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W. Ray Luce,
Division Director and Deputy State Historic Preservation Officer,
Georgia Department of Natural Resources:
Announcement of Listing in the National Register of Historic Places:

Cumming Public School........Forsyth County.......February 18, 2000

Historic Properties Receive Recognition

by Annette Bramblett

Cumming Public School

Cumming School, take a bow. You are being honored for your years as the educational, cultural, and social center of Cumming and Forsyth County. Through your doors passed county and state leaders in all fields and professions as well as the solid citizens of Forsyth County, wives and mothers, who would raise their offspring in the ways you taught. Your moral fiber and positive stance in the community has been a legacy for decades.

When you were nominated by the Historical Society of Forsyth County and the City of Cumming to the National Register of Historic Places, extensive research was conducted and your complete history was studied.

History of an Institution

That a new modern school building in the City of Cumming was needed was a certainty. In the early 1920’s, the city was “making do” by holding classes in the old Hightower Baptist Institute building. The Cumming Public School one day, however, found itself unceremoniously ousted from the Institute by State Fire Marshals, who declared the old structure unsafe for educational purposes.

Construction of a grand new brick school---to cost $25,000---was begun in the summer of 1922 and completed by January, 1923. Teachers and pupils considered themselves uptown in more ways than one when they were cleared to occupy the building. But their pride in their new edifice was to last but a short four years, as a lightning strike ignited a fire that gutted the building in March, 1927. The citizens, however, rose to the occasion when confronted with the reality of the pupils’ plight. Insurance money plus a surge of community effort enabled the original builder, J.W. Fleming, to rebuild---within the same walls. Almost miraculously, the structure once again housed Cumming’s younger set by September of 1927.

Through the years the school building has witnessed changes in the groups that it has served. In its early decades, grades one through eleven were taught within its walls. Then gradually other schools were erected and Cumming School’s students were siphoned off a few grades at a time. First came Forsyth County High School in 1955; its opening left grades one through eight at Cumming School. A few years later, Cumming Lower Elementary was established in 1961. At that point, Cumming School came to be known as the Upper Elementary. Then with the opening of Otwell Middle School in 1973, the old school underwent a considerable change. With no students left, in 1974 it became the Administration Office of the Forsyth County Schools, or “County Office” as it was popularly known, and served in that capacity until November, 1999, when the administration moved to a state-of-the-art structure on Highway 9.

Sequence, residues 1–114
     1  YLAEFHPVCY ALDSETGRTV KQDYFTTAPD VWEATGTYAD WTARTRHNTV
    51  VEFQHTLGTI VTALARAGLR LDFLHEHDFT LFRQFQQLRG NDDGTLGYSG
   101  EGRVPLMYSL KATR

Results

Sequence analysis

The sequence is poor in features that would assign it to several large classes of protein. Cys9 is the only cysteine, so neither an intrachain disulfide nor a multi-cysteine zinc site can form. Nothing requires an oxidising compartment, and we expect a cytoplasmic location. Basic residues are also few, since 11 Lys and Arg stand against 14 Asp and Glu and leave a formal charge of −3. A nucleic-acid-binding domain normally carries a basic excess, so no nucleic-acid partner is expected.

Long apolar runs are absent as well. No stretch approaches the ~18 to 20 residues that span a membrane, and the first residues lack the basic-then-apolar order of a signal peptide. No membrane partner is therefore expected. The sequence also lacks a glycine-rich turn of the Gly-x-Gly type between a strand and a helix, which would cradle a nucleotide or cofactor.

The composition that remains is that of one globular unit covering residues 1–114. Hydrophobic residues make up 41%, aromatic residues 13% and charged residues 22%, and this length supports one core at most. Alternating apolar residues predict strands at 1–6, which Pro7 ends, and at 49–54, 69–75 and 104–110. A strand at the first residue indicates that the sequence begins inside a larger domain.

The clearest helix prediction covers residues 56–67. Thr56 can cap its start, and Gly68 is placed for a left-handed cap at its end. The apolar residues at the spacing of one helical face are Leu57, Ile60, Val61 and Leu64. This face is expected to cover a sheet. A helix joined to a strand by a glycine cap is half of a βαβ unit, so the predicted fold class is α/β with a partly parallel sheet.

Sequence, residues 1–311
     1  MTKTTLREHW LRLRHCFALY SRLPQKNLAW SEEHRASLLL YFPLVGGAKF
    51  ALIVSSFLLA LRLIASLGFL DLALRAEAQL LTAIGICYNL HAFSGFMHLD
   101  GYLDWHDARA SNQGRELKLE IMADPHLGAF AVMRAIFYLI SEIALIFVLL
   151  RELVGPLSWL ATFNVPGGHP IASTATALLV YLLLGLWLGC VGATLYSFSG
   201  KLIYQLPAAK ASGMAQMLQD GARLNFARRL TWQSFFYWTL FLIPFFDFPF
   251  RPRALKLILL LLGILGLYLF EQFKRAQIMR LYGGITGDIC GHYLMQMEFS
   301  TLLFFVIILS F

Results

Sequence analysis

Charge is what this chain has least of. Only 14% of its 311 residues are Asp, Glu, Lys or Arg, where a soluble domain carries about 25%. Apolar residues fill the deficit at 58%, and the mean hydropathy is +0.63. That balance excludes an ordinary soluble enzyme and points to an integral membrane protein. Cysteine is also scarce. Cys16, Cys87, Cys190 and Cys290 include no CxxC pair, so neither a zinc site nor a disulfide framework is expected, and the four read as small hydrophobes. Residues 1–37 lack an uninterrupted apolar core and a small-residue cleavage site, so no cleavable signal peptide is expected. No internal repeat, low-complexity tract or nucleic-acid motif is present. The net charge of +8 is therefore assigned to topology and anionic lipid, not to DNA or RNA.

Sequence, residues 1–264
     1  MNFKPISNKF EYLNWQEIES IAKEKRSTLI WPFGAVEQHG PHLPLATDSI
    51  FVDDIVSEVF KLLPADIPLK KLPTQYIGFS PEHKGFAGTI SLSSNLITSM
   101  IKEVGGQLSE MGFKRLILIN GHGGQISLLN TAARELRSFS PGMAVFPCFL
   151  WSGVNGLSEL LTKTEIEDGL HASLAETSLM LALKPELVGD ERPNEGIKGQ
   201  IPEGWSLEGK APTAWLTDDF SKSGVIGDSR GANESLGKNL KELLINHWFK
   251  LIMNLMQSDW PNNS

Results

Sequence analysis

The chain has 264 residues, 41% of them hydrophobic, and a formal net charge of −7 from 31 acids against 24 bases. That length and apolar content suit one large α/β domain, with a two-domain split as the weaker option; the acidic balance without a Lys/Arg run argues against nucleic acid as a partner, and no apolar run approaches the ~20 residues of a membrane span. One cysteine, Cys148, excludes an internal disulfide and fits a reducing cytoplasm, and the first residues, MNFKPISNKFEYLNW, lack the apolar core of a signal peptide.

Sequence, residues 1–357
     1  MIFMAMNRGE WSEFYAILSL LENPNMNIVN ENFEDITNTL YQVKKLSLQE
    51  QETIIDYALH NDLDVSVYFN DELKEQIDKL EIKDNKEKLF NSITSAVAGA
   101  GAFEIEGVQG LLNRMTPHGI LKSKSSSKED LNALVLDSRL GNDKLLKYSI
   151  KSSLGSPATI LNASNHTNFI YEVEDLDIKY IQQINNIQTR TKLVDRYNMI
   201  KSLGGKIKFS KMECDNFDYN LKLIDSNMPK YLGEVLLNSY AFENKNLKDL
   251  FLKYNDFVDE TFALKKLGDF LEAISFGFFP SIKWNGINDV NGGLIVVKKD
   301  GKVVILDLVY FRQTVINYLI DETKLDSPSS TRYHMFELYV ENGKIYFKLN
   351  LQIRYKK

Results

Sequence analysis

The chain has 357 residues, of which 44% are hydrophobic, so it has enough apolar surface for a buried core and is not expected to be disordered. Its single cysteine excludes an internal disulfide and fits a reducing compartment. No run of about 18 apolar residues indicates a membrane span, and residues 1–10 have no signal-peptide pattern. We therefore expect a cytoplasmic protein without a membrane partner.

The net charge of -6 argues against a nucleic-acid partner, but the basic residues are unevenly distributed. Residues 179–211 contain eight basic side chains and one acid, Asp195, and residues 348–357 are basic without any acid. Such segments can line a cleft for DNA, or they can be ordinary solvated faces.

Example of Architectural Style

The school that Fleming built and rebuilt attracted the attention of preservationists when the county commissioned a Historic Resources Survey in the early 1990’s. Noted on survey forms, its features are listed: central hallway, irregular plan shape, symmetrical facade with three or more doors, cross-gable roof, mortise-and-tenon construction, brick, front stoop. An additional physical description included: basement under rear; Gothic hood over door and surrounds; shaped parapet; original recessed entry with double doors has been infilled with reverse board-and-batten and door to form vestibule; large auditorium in the rear-center of building; new addition on rear.

The architecture of the building with the aforementioned details was deemed significant enough to merit recognition. Thus along with Cumming School’s historical role in the development of the community, the building garnered acclaim for its structural importance---architectural style---as well.

Honored for its Contributions

In 1997, the Historical Society of Forsyth County adopted as a project seeking National Register status for the school that had meant so much in the lives of county residents. The lengthy nomination forms having been completed by mid-summer of that year, the society settled in for the long wait. First the nomination was approved by a preliminary committee at the state level. From there it progressed to the State National Register Review Board, which it passed readily. An interminable wait followed, for the state group, with a backlog of nominations, could not reformat the nomination by national standards at once. Thus months later it was with great fanfare that the announcement finally reached the public: Cumming Public School was placed on the National Register of Historic Places as of February 18, 2000!

In announcing the school’s listing, W.Ray Luce, Division Director and Deputy State Historic Preservation Officer with the Georgia Department of Natural Resources, Historic Preservation Division, commented: “We hope that the recognition of the architectural and historic significance of this property, combined with the benefits of National Register listing, will assist in the preservation of the property.”

Current Ownership

The City of Cumming acquired Cumming Public School from the Forsyth County Board of Education on May 16, 2000. The city plans to rehabilitate the building to preserve its structural integrity.

This page is part of the Historical Society of Forsyth County, Inc. Website